Left and right I caught glimpses of these rare expressions that brought warmth to my heart. Whether bamboo rafting, or squeezing through narrow caves, there was an energy all around that was so special that I wish I could’ve put it inside a treasure box and carried it back home.

Our last night ended with a performance. The room was booked and the stage was set. As the youngest member there, my task was to play the drum roll while everybody else passed a bag around. Whoever it landed it on when the drum roll stopped, would have to go up on stage and perform. This was a case of anxiety for everyone who was nervous about performing, so the bag got thrown around like hot potatoes.

But when the “unlucky ones” got on stage, they performed beautifully. There was Chinese folk dancing, ballroom dancing and singing. Someone else had a go at playing the drum and somehow the bag landed between my sister and me, so we had to go up on stage and perform. Unlike the others, we had not prepared for our act, so we chose to sing Avril Lavigne’s Complicated, a horrible choice because our voices shook while we tried to sing the fast-paced chorus. I was also wearing large bathroom slippers, so they were protruding out from the velvet stage.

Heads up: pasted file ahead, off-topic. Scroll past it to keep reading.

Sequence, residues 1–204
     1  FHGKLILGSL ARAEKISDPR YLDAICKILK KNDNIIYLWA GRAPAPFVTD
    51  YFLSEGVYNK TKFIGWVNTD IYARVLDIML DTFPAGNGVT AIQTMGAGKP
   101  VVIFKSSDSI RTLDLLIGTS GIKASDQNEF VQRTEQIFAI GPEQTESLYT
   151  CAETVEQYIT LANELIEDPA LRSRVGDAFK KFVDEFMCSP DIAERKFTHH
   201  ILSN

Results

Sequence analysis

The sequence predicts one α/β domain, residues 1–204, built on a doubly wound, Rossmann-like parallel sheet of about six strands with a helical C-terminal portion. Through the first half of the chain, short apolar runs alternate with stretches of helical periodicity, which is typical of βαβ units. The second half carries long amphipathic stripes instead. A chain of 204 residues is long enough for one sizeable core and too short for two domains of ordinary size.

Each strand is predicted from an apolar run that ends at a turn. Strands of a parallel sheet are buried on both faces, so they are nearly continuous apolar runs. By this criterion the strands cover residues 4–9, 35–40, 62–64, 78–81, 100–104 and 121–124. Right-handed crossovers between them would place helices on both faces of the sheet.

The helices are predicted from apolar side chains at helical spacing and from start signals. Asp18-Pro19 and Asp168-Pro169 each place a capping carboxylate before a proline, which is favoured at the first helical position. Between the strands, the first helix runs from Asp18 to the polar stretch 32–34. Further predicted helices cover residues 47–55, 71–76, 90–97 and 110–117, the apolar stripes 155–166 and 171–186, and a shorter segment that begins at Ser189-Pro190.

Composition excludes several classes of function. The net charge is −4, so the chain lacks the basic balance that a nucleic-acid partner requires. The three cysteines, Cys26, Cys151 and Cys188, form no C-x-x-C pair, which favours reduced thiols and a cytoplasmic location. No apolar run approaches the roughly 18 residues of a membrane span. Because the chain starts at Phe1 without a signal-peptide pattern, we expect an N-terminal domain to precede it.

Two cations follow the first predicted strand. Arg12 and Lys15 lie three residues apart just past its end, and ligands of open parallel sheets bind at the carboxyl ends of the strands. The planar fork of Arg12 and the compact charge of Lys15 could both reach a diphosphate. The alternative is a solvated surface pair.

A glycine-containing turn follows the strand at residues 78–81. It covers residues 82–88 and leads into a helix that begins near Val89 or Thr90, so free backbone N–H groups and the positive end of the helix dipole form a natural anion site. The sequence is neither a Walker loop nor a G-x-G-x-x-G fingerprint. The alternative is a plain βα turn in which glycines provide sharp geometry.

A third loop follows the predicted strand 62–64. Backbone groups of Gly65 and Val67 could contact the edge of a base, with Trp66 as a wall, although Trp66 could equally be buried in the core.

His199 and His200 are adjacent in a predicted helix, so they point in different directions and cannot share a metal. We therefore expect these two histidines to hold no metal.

Since that day, I have brought back with me the memory of that trip. Those memories were locked in my mind, but now I’ve opened the lock and let them out. Instead of wishing to belong, I have made plans with friends to share experiences together. Instead of planning in my head, we have been planning together. Instead of talking, we have been doing.

My friends and I are going to Japan in November, and then South East Asia next year. And then mid next year, we are hoping that we can all make a permanent move to a new country. We are helping each other save money for these trips, by introducing each other to part-time jobs that we can do outside of our day jobs. We are sharing a common goal and most importantly, we are doing it together.

Our friendship pact is just beginning. But I hope that it will grow old with us, just as my Dad’s did.

Speaking from the heart takes time

Last week was the first time I had told the man who broke my heart how his actions had affected me in silent ways.

Everyday, I would get up fearing the world and the perfectly beautiful strangers around me. Everyone seemed to be loved by somebody, and I hated seeing it for fear that it would cast a shadow over my own unlovable self.

Until the past week, I had kept silent, letting my emotions fester in their own pit of agony, with the occasional outbursts of anger. At work, I made multiple mistakes, was distracted and always zoning out. I carried myself around with as little energy as I possibly could, retiring to bed early and waking up late.

Truthfully, I was ashamed of being sad over something that wasn’t real. I questioned why I was angry, even told myself that I shouldn’t feel this way. I never told my friends or family how deeply it cut. Only downplayed my sadness.

Whenever I spoke to him, it was always in a friendly manner, as if I had to appease him for some wrongdoing I had inflicted.

Sometimes, my anger would come out, for small, petty things, like when he cut our meeting short, or if he seemed bored or inattentive.